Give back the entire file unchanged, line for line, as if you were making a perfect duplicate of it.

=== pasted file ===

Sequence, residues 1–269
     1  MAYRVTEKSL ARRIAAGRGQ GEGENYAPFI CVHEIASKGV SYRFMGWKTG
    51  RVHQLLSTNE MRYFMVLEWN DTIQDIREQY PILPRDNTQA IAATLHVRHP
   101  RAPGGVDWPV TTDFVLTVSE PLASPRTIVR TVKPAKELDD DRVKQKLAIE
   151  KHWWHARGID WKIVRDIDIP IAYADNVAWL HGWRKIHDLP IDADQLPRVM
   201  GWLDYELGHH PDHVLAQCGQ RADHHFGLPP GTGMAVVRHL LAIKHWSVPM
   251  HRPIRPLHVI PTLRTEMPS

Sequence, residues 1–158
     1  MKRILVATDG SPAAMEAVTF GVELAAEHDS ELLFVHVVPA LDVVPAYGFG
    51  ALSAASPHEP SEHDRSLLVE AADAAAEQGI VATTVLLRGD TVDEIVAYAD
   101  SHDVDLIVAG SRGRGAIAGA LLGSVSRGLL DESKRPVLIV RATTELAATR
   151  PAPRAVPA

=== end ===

Sequence, residues 1–269
     1  MAYRVTEKSL ARRIAAGRGQ GEGENYAPFI CVHEIASKGV SYRFMGWKTG
    51  RVHQLLSTNE MRYFMVLEWN DTIQDIREQY PILPRDNTQA IAATLHVRHP
   101  RAPGGVDWPV TTDFVLTVSE PLASPRTIVR TVKPAKELDD DRVKQKLAIE
   151  KHWWHARGID WKIVRDIDIP IAYADNVAWL HGWRKIHDLP IDADQLPRVM
   201  GWLDYELGHH PDHVLAQCGQ RADHHFGLPP GTGMAVVRHL LAIKHWSVPM
   251  HRPIRPLHVI PTLRTEMPS

Sequence, residues 1–158
     1  MKRILVATDG SPAAMEAVTF GVELAAEHDS ELLFVHVVPA LDVVPAYGFG
    51  ALSAASPHEP SEHDRSLLVE AADAAAEQGI VATTVLLRGD TVDEIVAYAD
   101  SHDVDLIVAG SRGRGAIAGA LLGSVSRGLL DESKRPVLIV RATTELAATR
   151  PAPRAVPA